A lack of transparency about government activities is a result of media contending with increasingly unresponsive officials, whose taxpayer-funded job is to communicate.   

Government spokespeople need to be held accountable for their unresponsiveness. This was the message of an online seminar hosted by the Wits Centre for Journalism (WCJ) on April 26. 

Titled “Why We Investigated the Thabo Bester Story”, the seminar was addressed by Nathan Geffen, editor of GroundUp, the media outlet that broke the Thabo Bester escape story. He said, “Government spokespeople are paid well for their work, but don’t seem to be doing a good job in responding to journalists.” He lamented that “The quality of information framing from the state has declined.”

Geffen added that although one can “never be sure that what [they] publish is definitively true”, there needs to be a great deal of evidence to support their story. Facilitated by Wits adjunct professor Anton Harber, the seminar learnt that newsrooms are facing a big problem in which government spokespeople are becoming increasingly unresponsive, which has resulted in a lack of transparency in the media.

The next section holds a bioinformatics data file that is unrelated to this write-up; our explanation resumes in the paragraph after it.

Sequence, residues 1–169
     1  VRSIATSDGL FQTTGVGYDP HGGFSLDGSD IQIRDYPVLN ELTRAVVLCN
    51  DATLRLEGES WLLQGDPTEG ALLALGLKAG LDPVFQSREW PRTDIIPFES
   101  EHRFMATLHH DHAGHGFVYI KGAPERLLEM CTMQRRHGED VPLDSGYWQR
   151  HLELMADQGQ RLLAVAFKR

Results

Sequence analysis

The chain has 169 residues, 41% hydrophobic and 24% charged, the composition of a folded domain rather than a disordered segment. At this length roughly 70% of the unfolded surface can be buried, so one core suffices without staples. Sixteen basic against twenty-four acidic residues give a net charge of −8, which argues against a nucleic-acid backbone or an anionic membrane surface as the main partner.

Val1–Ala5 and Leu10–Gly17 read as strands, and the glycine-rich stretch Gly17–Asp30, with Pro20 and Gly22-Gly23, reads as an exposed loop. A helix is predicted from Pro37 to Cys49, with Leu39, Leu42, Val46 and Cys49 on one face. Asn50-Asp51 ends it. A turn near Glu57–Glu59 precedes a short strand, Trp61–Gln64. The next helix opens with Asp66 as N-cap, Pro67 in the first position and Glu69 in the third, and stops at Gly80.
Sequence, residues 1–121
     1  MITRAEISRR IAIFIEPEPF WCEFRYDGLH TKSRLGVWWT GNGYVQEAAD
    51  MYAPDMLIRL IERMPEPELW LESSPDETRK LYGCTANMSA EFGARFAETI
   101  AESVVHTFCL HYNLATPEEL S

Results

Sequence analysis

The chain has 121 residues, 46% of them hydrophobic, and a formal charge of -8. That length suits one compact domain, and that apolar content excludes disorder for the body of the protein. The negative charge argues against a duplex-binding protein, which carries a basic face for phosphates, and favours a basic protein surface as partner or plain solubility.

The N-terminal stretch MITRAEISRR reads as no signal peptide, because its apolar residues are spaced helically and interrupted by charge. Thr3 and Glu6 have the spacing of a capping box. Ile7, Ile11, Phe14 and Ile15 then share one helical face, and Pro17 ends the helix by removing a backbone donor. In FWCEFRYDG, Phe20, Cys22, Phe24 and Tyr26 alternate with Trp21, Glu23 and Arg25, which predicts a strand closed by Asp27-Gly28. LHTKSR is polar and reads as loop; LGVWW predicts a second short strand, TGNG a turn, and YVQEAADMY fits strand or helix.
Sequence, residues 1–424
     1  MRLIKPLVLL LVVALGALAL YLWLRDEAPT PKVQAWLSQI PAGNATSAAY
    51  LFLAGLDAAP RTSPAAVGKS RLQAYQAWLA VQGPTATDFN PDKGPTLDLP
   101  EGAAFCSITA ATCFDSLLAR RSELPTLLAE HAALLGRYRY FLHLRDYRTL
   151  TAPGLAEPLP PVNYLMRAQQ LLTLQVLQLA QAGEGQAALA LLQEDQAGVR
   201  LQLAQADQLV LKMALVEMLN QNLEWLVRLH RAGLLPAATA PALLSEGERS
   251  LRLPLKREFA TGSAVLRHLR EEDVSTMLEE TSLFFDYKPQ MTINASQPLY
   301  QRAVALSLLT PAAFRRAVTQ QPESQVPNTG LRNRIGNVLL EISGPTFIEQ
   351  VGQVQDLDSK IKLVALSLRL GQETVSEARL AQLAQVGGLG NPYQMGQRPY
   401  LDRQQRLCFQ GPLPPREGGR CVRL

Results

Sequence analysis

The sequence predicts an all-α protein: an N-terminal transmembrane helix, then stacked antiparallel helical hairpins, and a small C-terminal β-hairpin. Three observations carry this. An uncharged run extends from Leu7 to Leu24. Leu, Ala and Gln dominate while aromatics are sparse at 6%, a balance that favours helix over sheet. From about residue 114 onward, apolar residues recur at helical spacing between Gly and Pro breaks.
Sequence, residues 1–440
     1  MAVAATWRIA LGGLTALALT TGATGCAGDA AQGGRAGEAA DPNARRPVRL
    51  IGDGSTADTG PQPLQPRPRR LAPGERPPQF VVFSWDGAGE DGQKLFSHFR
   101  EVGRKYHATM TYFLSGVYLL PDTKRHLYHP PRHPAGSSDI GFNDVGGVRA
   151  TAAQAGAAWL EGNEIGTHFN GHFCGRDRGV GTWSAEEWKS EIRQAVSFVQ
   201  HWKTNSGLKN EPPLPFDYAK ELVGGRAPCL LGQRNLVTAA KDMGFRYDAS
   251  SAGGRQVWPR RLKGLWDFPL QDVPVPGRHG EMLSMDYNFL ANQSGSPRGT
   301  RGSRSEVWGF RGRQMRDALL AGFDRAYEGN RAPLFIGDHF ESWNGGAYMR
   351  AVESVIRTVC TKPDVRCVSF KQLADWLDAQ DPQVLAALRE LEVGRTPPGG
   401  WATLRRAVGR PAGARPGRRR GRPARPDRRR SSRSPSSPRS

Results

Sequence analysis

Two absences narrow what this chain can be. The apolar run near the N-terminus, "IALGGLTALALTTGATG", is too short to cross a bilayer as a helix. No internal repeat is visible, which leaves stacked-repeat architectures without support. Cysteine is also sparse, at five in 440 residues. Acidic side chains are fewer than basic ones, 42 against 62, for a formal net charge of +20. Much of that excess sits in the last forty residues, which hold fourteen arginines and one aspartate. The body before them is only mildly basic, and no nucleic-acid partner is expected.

In a recent article, “Thabo Bester escape: Many unanswered questions about the death of Katlego Bereng”, GroundUp revealed that a South African Police Service (SAPS) spokesperson had refused to provide comment about how a body had ended up in Bester’s cell. 

One Twitter user was moved to comment that “Something is fishy,” emphasising the public’s mistrust in state officials. 

Responding to a question by advocate Glynnis Breytenbach in Parliament, retired justice Edwin Cameron of the Judicial Inspectorate for Correctional Services said it was out of frustration at the law enforcement officials dragging their feet that he leaked the information to GroundUp about the burnt body found at the Mangaung prison not being that of Bester.

The reality is that journalists need information from state officials to ensure the credibility of their stories. How then, can the officials be held accountable or even be absolved of their actions if they refuse to speak? 

As Harber concluded: “There needs to be transparency from state officials” (regarding the Thabo Bester investigation) as it is “their constitutional duty” to bring forth critical information to the public.

FEATURED IMAGE: An Illustration of reporters holding microphones and taking notes. Photo: Adobe Stock